Medical Emergencies & Access to Abortion Care
The Emergency Medical Treatment and Labor Act (EMTALA) requires hospitals that receive Medicare funds to treat and stabilize anyone who presents with an emergency medical condition, regardless of their ability to pay. If the hospital is not equipped to provide treatment, it must arrange a transfer.
The U.S. Department of Health and Human Services (HHS) has underscored that EMTALA requires hospitals to offer abortion care to stabilize a pregnant person in an emergent situation, and recently reaffirmed this position in a letter to health care providers. Nevertheless, in states that have banned access to abortion care some are testing, and even violating, this federal protection. SMFM has been providing expert input in court filings supporting efforts to protect clinicians’ ability to provide necessary and life-saving health care to patients experiencing obstetric emergencies. Learn more about this work below.
SMFM members with questions regarding EMTALA should consult with counsel or contact the Abortion Defense Network, a coalition of attorneys and legal organizations that can provide legal advice, resources, and assistance in evaluating a range of legal issues for providers in a post-Roe landscape.
SMFM JUDICIAL ADVOCACY
Idaho: In March 2022, Idaho passed a near total ban on abortion care. The federal government sued the state to block enforcement of the ban, citing the conflict with EMTALA. In August 2022, SMFM joined the American College of Obstetricians and Gynecologists (ACOG), the American College of Emergency Physicians (ACEP), and several other medical societies to file an amicus brief in support of the federal government detailing the life-saving nature of abortion care. A federal judge temporarily blocked a portion of the Idaho law that would criminalize clinicians who perform abortions in medical emergencies.
Texas: In July 2022, Texas filed a lawsuit against HHS asserting that the HHS EMTALA guidance did not provide a basis for the federal government to compel clinicians to offer abortion care. In response, SMFM joined ACOG, ACEP, and the American Medical Association to file an amicus brief explaining the importance of the federal law requiring clinicians to provide stabilizing medical care, including abortion care, to patients experiencing medical emergencies. In August 2022, a federal judge agreed with the State of Texas, temporarily blocking the HHS EMTALA guidance. HHS appealed the ruling, and again, SMFM joined partner organizations in filing an amicus brief detailing how Texas and the lower court misunderstood EMTALA and the realities of emergency medical care.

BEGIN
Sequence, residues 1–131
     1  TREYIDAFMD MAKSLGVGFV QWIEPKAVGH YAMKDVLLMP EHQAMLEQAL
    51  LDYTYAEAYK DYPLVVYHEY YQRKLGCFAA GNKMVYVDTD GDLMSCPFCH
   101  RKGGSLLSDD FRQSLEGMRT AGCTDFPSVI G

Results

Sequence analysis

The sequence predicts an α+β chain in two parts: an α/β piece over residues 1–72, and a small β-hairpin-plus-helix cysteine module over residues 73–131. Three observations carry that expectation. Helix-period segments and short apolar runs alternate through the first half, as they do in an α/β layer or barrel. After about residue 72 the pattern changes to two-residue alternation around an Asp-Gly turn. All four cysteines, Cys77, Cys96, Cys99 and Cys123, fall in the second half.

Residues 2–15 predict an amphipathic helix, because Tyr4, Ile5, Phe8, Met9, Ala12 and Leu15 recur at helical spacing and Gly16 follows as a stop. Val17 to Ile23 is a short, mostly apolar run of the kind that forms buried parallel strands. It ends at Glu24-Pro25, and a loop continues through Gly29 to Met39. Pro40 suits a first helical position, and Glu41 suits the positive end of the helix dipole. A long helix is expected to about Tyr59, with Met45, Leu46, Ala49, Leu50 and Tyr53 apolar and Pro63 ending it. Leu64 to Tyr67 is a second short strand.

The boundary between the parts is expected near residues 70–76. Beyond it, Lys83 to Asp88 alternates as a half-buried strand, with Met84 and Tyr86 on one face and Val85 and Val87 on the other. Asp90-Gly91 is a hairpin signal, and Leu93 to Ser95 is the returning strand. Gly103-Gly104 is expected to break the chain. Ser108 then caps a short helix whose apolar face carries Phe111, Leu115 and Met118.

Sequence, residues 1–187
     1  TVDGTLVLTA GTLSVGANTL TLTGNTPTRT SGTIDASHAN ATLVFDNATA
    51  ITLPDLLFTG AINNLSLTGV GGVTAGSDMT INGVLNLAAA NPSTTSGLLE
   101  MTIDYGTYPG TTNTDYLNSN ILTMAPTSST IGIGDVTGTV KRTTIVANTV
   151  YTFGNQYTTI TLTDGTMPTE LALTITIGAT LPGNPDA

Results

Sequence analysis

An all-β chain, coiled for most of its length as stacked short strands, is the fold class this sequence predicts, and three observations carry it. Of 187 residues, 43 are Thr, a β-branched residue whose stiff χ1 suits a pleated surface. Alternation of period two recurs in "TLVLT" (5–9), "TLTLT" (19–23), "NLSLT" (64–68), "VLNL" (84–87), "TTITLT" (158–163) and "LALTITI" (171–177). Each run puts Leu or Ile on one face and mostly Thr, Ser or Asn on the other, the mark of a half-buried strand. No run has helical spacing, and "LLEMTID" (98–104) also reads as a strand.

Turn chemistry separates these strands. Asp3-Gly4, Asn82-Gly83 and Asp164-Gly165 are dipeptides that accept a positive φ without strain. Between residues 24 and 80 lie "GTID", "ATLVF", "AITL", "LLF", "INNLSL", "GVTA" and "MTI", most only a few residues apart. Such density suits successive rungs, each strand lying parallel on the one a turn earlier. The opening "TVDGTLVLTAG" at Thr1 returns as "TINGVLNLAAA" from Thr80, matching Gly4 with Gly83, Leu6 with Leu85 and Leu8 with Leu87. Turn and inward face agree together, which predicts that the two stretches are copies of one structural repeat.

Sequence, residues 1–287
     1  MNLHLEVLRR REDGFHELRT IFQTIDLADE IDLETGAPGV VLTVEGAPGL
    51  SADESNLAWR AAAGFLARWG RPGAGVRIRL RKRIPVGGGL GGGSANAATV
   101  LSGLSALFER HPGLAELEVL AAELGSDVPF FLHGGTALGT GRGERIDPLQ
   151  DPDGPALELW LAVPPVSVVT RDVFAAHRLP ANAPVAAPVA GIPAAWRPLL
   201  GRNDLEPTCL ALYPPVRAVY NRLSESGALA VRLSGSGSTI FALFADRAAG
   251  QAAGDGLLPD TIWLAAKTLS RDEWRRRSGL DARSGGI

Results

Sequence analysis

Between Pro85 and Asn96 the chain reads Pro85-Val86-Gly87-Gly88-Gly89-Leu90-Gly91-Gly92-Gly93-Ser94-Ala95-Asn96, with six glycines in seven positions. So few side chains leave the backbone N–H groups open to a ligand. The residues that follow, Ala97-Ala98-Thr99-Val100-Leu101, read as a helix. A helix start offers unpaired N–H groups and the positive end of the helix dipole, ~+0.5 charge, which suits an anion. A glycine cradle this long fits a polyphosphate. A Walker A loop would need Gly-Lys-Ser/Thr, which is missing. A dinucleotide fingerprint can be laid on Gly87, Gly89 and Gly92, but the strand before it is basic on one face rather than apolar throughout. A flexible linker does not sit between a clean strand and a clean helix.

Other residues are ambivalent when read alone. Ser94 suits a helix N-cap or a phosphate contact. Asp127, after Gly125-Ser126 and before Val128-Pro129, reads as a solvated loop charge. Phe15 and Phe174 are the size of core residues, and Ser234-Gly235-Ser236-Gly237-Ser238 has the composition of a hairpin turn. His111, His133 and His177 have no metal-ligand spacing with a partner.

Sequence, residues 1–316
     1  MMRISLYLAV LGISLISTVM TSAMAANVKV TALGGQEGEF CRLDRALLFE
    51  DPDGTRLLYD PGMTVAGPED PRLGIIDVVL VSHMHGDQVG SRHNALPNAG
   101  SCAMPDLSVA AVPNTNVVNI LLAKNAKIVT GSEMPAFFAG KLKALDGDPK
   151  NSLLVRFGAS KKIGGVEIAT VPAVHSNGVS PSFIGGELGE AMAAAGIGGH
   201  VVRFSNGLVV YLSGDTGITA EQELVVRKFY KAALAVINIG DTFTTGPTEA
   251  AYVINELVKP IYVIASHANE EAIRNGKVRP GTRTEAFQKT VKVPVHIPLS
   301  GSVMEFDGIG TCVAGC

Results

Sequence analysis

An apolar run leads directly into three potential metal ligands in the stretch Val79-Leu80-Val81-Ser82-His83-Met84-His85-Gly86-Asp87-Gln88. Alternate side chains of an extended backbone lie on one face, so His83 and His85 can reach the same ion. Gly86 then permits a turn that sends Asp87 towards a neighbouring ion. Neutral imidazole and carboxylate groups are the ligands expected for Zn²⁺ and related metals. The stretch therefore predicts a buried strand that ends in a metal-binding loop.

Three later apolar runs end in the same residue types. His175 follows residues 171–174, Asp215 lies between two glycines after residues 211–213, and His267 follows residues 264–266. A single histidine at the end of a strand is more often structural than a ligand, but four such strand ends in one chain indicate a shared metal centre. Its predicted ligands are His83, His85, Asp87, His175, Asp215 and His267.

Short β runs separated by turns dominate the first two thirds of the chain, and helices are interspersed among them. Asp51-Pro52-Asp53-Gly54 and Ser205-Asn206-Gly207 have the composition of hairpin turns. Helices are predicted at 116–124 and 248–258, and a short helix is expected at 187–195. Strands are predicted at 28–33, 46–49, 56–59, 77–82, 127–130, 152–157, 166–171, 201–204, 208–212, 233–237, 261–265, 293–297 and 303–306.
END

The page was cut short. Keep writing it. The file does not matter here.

FEDERAL AGENCY ACTIVITIES
In 2022, HHS issued guidance and a letter from Secretary Becerra reaffirming that EMTALA requires clinicians to offer necessary stabilizing care for patients suffering emergency medical conditions, including abortion care.
An investigation led by the Centers for Medicare and Medicaid Services (CMS) found that hospitals in Missouri and Kansas violated EMTALA for failing to provide emergency abortion care to a patient following preterm premature rupture of membranes (PPROM). HHS can penalize both hospitals and individual clinicians who are found to have violated EMTALA. Following the investigation, Secretary Becerra issued an open letter to hospitals and health care providers reinforcing EMTALA obligations under federal law.
SMFM’s support for reproductive rights and freedom is unwavering. Learn more about our efforts to protect and expand access to abortion care, review clinical resources, and see how you can get involved at SMFM.org/repro. Questions? Contact RHProject@smfm.org.